Alan Ryan

July 4, 2003

The real lessons from the Ivy League are about fees and donations, not graduate numbers and management style.

The silly season started early this year. And in the austere pages of this paper, too. It is a long-held conviction of The THES and its parent The Times that Oxford ought to emulate the Ivy League. Further, that the way to do this is to destroy its colleges and turn the place into a version of Harvard, Yale, Columbia, Dartmouth, Brown, Princeton, Penn and Cornell universities. This involves a regime of managerial dictatorship and the reconstruction of the student body on the basis of one-third undergraduates to two-thirds graduates.

The idea is pure fantasy. First, a few numbers to show why: it is true that at Harvard only some 6,600 of roughly 20,000 degree students on the books are undergraduates in the College of Arts and Sciences. But graduate students in the research school number 3,400. The other 10,000 or so are in assorted professional schools, including 1,850 in business, 1,000 in education, 1,900 in law, 800 in medical school, another 800 in public health - not forgetting 443 in the divinity school.

A lot of research comes out of these schools, but they imply an approach to professional education wholly unlike anything that happens anywhere in the UK. And, far from all this entailing managerial dictatorship, Harvard famously runs a regime in which every outfit gets on with its own life unhindered.

A Brit who says "Ivy League" usually means Harvard. But Harvard is wholly atypical, even within the Ivy League. Here is the reality: Dartmouth College has a total enrolment of 5,5, of whom 4,118 are undergraduates.

Dartmouth has a terrific business school - enrolment 434 - and engineering and medical schools. And 558 research students. How about Princeton, the best-run institution of higher education in the world? It has 6,632 students, of whom 4,635 are undergraduates and 1,997 graduates, and no professional schools. Since it takes research seriously, it does not give masters degrees, whereas the fuss about Oxford numbers has nothing to do with research and is all about the fact that the university loses money on undergraduate teaching and hopes to turn a profit on taught masters degrees.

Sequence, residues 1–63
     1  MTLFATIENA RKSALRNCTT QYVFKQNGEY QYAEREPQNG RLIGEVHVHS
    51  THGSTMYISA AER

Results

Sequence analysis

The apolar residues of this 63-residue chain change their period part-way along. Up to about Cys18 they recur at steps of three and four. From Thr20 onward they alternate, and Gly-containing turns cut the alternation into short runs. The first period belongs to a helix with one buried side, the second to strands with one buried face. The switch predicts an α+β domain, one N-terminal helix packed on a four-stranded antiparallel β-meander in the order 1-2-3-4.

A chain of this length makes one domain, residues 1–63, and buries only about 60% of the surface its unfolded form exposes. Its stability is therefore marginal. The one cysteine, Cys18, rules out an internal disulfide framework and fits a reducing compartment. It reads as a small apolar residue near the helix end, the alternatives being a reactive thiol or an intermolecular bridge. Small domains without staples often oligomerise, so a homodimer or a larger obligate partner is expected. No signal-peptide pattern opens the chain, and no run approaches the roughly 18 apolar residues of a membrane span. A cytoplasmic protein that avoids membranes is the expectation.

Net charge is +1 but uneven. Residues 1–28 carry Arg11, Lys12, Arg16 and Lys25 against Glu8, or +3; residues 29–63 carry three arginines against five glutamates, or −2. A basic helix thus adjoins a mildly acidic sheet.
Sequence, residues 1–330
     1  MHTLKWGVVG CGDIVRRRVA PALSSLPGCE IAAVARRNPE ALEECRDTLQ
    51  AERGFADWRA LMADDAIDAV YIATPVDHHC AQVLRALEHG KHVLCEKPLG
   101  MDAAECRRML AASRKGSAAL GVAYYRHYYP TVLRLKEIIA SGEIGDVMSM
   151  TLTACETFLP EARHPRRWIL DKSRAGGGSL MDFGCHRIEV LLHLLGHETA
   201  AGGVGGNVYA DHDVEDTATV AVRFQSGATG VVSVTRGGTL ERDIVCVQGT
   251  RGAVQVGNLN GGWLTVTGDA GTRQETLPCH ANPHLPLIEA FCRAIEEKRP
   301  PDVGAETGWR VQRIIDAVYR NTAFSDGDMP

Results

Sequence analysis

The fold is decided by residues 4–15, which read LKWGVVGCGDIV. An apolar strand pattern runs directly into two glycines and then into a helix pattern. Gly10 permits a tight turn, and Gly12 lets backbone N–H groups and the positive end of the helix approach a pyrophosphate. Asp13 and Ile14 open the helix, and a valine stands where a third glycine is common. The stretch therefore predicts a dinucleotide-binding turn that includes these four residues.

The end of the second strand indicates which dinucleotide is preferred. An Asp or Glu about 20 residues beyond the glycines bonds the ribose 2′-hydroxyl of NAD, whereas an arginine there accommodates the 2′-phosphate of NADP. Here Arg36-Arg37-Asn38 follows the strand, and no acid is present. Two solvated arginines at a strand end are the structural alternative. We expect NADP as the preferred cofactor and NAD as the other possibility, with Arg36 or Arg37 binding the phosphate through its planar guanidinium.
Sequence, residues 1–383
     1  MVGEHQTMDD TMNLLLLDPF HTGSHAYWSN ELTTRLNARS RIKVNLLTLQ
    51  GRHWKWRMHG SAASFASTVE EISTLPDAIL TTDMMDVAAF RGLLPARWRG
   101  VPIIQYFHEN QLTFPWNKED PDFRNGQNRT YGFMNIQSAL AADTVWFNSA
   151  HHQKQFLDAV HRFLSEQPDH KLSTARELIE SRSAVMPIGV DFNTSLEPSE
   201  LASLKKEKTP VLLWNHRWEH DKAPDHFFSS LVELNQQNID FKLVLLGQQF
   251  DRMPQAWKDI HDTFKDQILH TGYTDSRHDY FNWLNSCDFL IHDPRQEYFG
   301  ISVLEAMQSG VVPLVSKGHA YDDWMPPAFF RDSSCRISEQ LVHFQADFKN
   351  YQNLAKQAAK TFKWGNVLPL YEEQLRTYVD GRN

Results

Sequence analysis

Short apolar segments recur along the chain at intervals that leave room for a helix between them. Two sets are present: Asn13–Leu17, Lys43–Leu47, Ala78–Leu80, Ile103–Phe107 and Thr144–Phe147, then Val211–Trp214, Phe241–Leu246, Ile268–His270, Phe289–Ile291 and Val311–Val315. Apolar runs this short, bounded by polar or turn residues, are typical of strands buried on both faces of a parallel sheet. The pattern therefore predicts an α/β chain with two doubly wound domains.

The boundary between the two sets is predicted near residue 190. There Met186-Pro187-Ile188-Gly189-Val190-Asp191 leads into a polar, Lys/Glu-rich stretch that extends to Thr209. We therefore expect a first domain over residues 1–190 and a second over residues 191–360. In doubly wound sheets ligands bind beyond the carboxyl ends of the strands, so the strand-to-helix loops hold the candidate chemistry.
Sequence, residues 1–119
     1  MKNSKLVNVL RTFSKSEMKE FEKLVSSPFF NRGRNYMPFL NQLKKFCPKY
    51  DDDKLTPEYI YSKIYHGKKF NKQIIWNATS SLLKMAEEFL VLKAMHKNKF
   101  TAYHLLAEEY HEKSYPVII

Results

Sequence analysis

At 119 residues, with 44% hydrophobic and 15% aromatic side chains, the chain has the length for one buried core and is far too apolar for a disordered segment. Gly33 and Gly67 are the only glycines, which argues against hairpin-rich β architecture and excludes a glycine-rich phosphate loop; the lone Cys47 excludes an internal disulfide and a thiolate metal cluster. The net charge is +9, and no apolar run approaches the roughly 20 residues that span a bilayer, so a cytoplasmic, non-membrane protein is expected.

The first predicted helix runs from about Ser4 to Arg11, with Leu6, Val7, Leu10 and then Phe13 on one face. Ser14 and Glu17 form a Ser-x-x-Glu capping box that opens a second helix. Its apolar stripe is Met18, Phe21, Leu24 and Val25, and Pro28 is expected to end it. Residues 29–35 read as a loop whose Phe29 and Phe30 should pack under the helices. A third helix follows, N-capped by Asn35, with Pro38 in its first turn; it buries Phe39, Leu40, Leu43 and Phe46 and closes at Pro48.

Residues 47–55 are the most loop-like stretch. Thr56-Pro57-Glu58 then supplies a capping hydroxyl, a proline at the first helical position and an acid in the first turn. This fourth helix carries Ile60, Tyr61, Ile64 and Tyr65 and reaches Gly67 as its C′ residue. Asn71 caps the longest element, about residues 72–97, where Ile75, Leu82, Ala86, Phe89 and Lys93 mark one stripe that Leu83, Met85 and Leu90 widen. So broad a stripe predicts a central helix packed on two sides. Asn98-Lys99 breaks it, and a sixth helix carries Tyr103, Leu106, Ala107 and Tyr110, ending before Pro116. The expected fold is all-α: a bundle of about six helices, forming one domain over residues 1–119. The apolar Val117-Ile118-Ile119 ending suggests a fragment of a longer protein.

The Ivy League is not one thing but many. Columbia, Penn, Cornell and Harvard are large by private university standards - about 20,000 students, of whom between a quarter and a third are in regular liberal arts undergraduate programmes and about a fifth are earning research degrees.

Cornell is interesting because its total undergraduate population of 13,658 includes vocational schools: there are 761 students in hotel administration, for instance, and 3,037 students in the College of Agriculture and Life Sciences. But Cornell is both a private Ivy League school living on its own endowments, tuition and research grants, and a publicly funded "land grant" college established to promote agricultural science. Penn is unusual in the Ivy League in having an undergraduate business school programme and offering a degree in nursing. But three times as many students are in the undergraduate arts and sciences programme as are getting research degrees as graduates.

Yale lies in the middle of the range - 11,000 students, split 50-50 between undergraduates and graduates, with graduates in the professional schools and the divinity school outnumbering research students: some 3,559 of the former and 2,237 of the latter. Princeton, Brown and Dartmouth are a lot smaller, but they are all research universities.

What can we learn about British higher education from the Ivy League? It is not clear. You might think that we can at least learn that it is nice to have large endowments - but not all do. Harvard, Yale and Princeton are extremely well off, but Columbia's endowment is nothing to get excited about, while Penn turns over $1.6 billion (£900 million) a year on an endowment of barely $3 billion. Its turnover is twice Oxford's but its endowment hardly bigger.

What makes life easier in the Ivy League is common to all private schools in the US. Like every private institution, they charge tuition that covers the costs of educating students and hand out generous financial aid to those who need help. They benefit from the fact that prosperous alumni compete with one another to be generous to their undergraduate and professional schools; and from a culture where corporate philanthropy produces 20 times as much as in the UK. Generous annual giving makes a vast difference, and it is almost invisible in Britain.

As to what this has to do with research, the answer is not much. You could as easily become a great research university by modelling yourself on Berkeley and Michigan as on Harvard - but that's another story.

Alan Ryan is a fellow at the Center for Advanced Study in the Behavioural Sciences, Stanford University.

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